Randy Wolf allows five homers in loss to Cubs

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Randy Wolf served up five homers to the Cubs yesterday, joining Justin Lehr as the only NL pitchers to allow five homers in a game during the past five seasons.
Marlon Byrd and Geovany Soto both took him deep twice and Derrek Lee blasted his 300th career homer off Wolf, who has now allowed 15 long balls through 13 starts in the first season of a three-year, $30 million contract.
Afterward the 33-year-old southpaw was pretty tough on himself:

This is awful. It’s one of those times when you feel like you’ll wake up and it’s a bad dream. But it’s not. It’s reality. I have to deal with it and try to get better. I’m making a lot of mistakes out there and I’m not getting away with any of them. I’m better than that. I’ve just got to find a way to get better than that. I haven’t pitched well yet in my mind. It’s frustrating because I don’t feel any different than I did last year. The results definitely aren’t there. I’ve got to do something to get better results than I’m getting right now.

Wolf is now 4-6 with a 5.31 ERA and 49/39 K/BB ratio in 78 innings overall this season, which can’t make the Brewers feel good about owing him another $9.5 million in both 2011 and 2012 with a $10 million option or $1.5 million buyout for his age 36 season in 2013. Not quite Jeff Suppan territory yet, but he’s going in that direction and the Brewers may want to take a little break from signing non-elite, over-30 free agent starters.

Each owner will get at least $50 million in early 2018 from the sale of BAMTech

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Earlier this year Disney agreed to purchase the majority stake in BAMTech, the digital media company spun off from MLB Advanced Media. We know it as the source of the technology for MLB.tv and MLB.com, but it’s far more wide-ranging than that now. At present it powers streaming for MLB, HBO, NHL, WWE, and, eventually, will power Disney’s and ESPN’s upcoming streaming services.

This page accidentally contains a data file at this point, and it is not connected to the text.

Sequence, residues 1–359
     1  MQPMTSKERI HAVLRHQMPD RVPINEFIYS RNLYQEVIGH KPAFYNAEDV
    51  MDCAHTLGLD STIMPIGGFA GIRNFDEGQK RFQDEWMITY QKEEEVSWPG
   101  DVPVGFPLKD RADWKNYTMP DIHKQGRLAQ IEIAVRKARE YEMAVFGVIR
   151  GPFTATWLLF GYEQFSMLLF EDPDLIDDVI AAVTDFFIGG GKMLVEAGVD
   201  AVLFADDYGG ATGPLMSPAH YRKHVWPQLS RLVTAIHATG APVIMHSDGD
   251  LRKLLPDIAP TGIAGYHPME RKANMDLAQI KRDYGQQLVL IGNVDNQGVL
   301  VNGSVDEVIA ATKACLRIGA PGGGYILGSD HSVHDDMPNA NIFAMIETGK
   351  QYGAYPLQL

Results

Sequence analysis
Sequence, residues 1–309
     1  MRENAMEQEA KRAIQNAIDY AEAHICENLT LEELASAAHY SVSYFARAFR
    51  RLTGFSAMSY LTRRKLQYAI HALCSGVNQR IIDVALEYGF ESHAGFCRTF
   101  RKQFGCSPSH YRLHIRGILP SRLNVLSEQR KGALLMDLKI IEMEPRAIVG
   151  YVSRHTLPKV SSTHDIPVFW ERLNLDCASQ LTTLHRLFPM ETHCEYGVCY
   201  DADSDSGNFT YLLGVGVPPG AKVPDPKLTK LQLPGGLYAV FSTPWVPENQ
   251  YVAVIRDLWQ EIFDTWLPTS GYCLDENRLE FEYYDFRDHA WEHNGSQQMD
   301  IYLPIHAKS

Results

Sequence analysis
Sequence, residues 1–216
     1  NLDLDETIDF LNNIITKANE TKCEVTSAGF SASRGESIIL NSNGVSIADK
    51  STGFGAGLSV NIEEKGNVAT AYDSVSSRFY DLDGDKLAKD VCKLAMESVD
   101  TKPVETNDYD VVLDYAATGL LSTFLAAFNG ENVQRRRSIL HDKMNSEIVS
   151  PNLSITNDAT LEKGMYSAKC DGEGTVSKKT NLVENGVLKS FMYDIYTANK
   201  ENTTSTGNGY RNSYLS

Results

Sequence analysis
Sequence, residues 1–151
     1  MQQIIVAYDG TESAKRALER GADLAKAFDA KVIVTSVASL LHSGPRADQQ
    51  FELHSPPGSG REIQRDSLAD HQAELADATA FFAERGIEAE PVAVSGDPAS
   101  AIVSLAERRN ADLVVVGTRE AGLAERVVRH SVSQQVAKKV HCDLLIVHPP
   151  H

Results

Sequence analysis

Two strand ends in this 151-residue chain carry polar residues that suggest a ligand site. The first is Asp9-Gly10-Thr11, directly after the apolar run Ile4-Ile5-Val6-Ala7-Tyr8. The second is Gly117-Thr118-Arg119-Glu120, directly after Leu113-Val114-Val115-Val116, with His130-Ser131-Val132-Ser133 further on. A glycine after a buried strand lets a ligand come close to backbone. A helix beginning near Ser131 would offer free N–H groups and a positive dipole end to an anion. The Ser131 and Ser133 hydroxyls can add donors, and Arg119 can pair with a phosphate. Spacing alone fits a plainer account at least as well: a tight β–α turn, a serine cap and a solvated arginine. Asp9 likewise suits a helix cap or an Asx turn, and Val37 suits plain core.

The company was started by an investment from baseball’s 30 owners, so they’re getting a big payout as a result of the acquisition. Earlier this morning Jim Bowden dropped this regarding how much of that payout is in the offing in the short term:

That’s probably on the low end, actually. Some people I’ve spoken to who are familiar with the acquisition say the figure is more like $68 million in Q1 of 2018.

Good for the owners! It was a savvy, forward-thinking investment that, in the past, baseball owners might not have made. Bud Selig, Bob Bowman and others deserve credit for convincing the Jeff Lorias and Jerry Reinsdorfs of the world to think big and long term. It’s money out of the sky, raining down upon the owner of your baseball team for, basically, doing nothing.

Money which should be remembered when your buddy complains about a relief pitcher getting $6 million for only pitching 65 innings. Money which should be remembered when your team’s GM says that he has to cut back on payroll in the coming year.